November 25, 2004
Beyond Left and Right in Israel
When it comes to politics in Israel, left and right rarely agree. In a country where even sports teams are aligned with political parties, there is
one issue that should unite Israelis and their American supporters from across the political spectrum: the need to foster opportunity and equality for Israel's 1.2 million Arab citizens.
At a time when Israel faces profound external and internal challenges, some may question whether this issue belongs at the forefront of the nation's agenda. For a growing number of Israeli leaders on both sides of the political divide, however, Jewish-Arab coexistence and equality is beginning to get the attention it deserves. Improving living conditions in the Arab sector and reversing the growing alienation between Israel's Jewish and Arab citizens are necessary steps towards building a more cohesive and stable society.
Although living standards for Arab Israelis have increased steadily over the past 15 years, disturbing socio-economic gaps still exist between the Jewish and Arab communities. By all measures, Arab Israelis lag far behind their Jewish peers. Infant mortality, for example, is twice as high for Arab citizens, while average wages are 40 percent lower. When it comes to education, Arabs also fare poorly, with larger classes and fewer resources. Although Arabs comprise 18 percent of the population, only 5 percent of Israeli college graduates are Arab. The picture is equally grim in terms of housing; since 1975, Israel's government has built nearly 340,000 public housing units for Jews and only 1,000 for Arabs.
Conditions like these, coupled with a string of broken promises from governments on both the left and the right, are fueling alienation and anger within the Arab community. In October 2000, sparked by the resurgence of the Palestinian intifada, violence between Israeli Arabs and the police erupted in the Galilee. When it was over, 13 Israeli citizens -- 12 Arabs and one Jew -- were dead. The riots, along with the emergence of Islamic fundamentalism in Israel and the involvement of a small number of Arab Israelis in terrorist acts, have created a new level of fear, mistrust and anxiety among Israeli Jews. On the other side, provocative public rhetoric and calls by some Jewish political figures for the transfer of Arab citizens from Israel have added to the tension.
As the government's Or Commission noted in its report investigating the riots, the status of the Arab sector "is the most sensitive and important domestic issue facing Israel today."
Israelis and their American friends must tackle these issues head-on to halt the further fragmentation of Israeli society and build a culture of co-existence based on the values of mutual respect, equality and shared citizenship.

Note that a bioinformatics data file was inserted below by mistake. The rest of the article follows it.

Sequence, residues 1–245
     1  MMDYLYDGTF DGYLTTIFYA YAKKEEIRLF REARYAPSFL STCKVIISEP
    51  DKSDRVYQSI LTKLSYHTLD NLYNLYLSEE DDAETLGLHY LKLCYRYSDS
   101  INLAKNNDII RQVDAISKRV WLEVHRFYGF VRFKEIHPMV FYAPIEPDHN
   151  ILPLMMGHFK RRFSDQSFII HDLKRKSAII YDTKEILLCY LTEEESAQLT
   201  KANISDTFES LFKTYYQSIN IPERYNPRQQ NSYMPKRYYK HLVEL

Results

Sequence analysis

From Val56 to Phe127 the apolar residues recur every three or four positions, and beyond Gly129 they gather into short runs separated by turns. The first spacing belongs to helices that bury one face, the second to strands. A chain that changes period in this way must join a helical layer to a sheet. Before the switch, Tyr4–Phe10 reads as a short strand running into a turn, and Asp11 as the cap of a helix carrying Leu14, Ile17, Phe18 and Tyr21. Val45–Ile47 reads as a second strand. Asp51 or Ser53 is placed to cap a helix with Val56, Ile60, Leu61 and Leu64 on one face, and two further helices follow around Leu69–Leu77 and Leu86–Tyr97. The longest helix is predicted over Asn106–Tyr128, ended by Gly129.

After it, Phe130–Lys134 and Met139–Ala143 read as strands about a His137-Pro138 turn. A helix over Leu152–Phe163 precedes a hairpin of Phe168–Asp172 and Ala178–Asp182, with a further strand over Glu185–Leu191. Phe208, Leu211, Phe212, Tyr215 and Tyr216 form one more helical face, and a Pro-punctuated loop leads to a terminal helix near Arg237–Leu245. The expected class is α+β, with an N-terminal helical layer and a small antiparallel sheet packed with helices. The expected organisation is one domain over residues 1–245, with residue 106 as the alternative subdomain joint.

Education will play a major role in achieving these objectives. Israel's few experimental bilingual schools have been a success among students and parents. So successful, in fact, that a large group of Jewish and Arab parents in the often-contentious Wadi Ara area, eager to create stronger bonds between their communities, are preparing to open a bicultural school in the Arab town of Kafr Kara.
Next January, an important pilot project in Haifa will mandate the study of conversational Arabic and Arab culture in 25 percent of the city's Jewish elementary schools. This breakthrough program will give Jewish children a window into their neighbor's culture and will send a much-needed signal of respect and inclusion to Arab Israelis throughout the country.
Schools are only one institution in Israel that must undergo fundamental change.
More than three years after the Galilee riots, relations between Arab Israelis and the police remain strained. Problems in Arab neighborhoods and villages are often improperly handled or unaddressed. Many Jewish police officers lack sufficient knowledge to serve Arab or ethnically mixed communities effectively.
To counter this, the Israel Police and The Abraham Fund Initiatives, with the support of the UJA-Federation of New York, have implemented a project to transform relations between Arab Israelis and the police. Through education and training, the recruitment of Arab Israeli officers and volunteers, and improved communication, the project is raising awareness among police working in the region and reducing the chance of violence.
Major institutional changes such as these must be accompanied by tangible government efforts to improve infrastructure, close spending gaps and expand opportunities for Arab Israelis in education and employment.
The goal of creating a more just and equitable society is a Jewish value that transcends traditional notions of left and right. That is why former President Yitzhak Navon and other leaders from all of Israel's major political parties are advocating for change. They recognize that social security is as important as physical security, and that Israel's future will rest in part on a more complete integration of the Arab minority into the economic, social and cultural mainstream of Israeli life. Although they may differ on many other issues, securing Israel's future is one objective on which all should agree.
Ami Nahshon is president and CEO of The Abraham Fund Initiatives, a New York- and Jerusalem-based nonprofit organization dedicated to advancing coexistence and equality among Israel's Jewish and Arab citizens.